7(258) Pearls of Warren's Wisdom

In addition to being one of the great investors of the last fifty years, Warren Buffett is well known for his affinity for Diet Cokes and Dairy Queen. I look forward to reading his Berkshire Hathaway shareholder letter every year. His humble, folksy style takes me back to my roots in Boise, Idaho. His letters are always filled with a few gems and this year was no exception. Please follow this link to get Mr Buffett's take on America, being a contrarian and active management. 

Few simplify complexity as effectively as Warren Buffett.  Here are seven gems from Berkshire Hathaway’s 2017 Annual Shareholder Letter:

  • One word sums up our country’s achievements: miraculous. From a standing start 240 years ago – a span of less than triple my days on earth – Americans have combined human ingenuity, a market system, a tide of talented and ambitious immigrants, and the rule of law to deliver abundance beyond any dreams of our forefathers.
  • Early Americans, we should emphasize, were neither smarter nor more hard working than those people who toiled century after century before them. But those venturesome pioneers crafted a system that unleashed human potential, and their successors built upon it. This economic creation will deliver increasing wealth to our progeny far into the future. Yes, the buildup of wealth will be interrupted for short periods from time to time. It will not, however, be stopped. I’ll repeat what I’ve said in the past and expect to say in future years: Babies born in America today are the luckiest crop in history.
  • Every decade or so, dark clouds will fill the economic skies and they will briefly rain gold. When downpours of that sort occur, it’s imperative that we rush outdoors carrying washtubs, not teaspoons. And that we will do. During such scary periods, you should never forget two things: First, widespread fear is your friend as an investor, because it serves up bargain purchases. Second, personal fear is your enemy. It will also be unwarranted.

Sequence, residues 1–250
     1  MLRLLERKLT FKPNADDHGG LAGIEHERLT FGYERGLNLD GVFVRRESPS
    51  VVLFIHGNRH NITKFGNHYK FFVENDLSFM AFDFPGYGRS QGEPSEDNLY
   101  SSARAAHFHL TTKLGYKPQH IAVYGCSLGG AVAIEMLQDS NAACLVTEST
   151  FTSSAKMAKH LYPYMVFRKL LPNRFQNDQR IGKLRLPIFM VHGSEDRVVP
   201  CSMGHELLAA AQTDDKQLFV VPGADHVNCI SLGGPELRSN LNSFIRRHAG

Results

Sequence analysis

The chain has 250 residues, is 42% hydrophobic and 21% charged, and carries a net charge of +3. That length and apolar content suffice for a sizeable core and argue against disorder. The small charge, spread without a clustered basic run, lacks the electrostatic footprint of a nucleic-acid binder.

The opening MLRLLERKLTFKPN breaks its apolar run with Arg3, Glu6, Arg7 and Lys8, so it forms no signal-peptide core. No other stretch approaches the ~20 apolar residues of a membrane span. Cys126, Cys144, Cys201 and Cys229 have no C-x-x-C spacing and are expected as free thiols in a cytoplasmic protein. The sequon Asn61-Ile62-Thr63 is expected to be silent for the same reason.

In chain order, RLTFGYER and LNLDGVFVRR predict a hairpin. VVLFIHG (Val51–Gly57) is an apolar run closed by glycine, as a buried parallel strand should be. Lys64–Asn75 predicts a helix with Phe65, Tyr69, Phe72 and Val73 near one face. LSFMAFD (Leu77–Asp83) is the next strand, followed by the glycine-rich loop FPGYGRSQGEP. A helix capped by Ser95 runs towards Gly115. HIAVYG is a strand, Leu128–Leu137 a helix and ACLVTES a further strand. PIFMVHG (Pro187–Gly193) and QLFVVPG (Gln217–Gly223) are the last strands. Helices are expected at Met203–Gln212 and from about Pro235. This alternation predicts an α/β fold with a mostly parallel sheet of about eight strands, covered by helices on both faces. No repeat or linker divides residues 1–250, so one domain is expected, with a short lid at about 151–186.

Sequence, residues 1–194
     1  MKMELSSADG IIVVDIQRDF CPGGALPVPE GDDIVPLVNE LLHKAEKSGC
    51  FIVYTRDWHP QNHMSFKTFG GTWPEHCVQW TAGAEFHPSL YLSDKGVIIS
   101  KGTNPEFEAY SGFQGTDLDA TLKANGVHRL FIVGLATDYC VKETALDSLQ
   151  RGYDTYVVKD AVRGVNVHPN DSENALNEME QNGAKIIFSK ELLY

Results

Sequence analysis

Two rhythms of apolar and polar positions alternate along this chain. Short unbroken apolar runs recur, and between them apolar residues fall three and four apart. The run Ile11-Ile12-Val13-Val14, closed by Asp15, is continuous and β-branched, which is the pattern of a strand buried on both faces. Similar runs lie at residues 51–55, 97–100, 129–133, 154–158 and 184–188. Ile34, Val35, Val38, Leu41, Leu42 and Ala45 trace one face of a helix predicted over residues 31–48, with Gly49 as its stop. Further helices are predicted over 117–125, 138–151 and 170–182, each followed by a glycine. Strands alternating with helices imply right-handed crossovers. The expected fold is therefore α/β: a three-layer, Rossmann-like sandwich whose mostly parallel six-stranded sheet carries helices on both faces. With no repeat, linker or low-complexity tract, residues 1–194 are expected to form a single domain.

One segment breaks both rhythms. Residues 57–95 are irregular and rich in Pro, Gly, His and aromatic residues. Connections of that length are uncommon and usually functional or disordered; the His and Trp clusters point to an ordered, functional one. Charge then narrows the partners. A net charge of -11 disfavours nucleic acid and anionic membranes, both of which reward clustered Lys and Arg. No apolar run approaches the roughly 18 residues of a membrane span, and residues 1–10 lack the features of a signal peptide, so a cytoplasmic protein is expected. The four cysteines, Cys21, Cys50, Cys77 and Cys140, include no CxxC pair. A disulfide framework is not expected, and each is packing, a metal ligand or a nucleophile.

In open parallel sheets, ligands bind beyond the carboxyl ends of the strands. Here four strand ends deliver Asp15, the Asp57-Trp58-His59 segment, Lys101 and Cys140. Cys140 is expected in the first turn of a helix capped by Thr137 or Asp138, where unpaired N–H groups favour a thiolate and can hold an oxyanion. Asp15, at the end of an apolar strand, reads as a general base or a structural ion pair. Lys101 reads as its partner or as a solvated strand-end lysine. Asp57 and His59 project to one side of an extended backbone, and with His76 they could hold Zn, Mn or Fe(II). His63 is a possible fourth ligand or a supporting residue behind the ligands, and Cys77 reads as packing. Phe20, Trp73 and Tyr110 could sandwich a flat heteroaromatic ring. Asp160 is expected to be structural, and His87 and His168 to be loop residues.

• A number of smart people are involved in running hedge funds. But to a great extent their efforts are self-neutralizing, and their IQ will not overcome the costs they impose on their investors.
  • The problem simply is that the great majority of managers who attempt to over-perform will fail. The probability is also very high that the person soliciting your funds will not be the exception who does well.
  • Human behavior won’t change. Wealthy individuals, pension funds, endowments and the like will continue to feel they deserve something “extra” in investment advice. Those advisors who cleverly play to this expectation will get very rich. This year the magic potion may be hedge funds, next year something else. The likely result from this parade of promises is predicted in an adage: “When a person with money meets a person with experience, the one with the experience ends up with the money and the one with money leaves with the experience.”
  • The bottom line: When trillions of dollars are managed by Wall Streeters charging high fees, it will usually be the managers who reap outsized profits, not the clients.
Eric Holt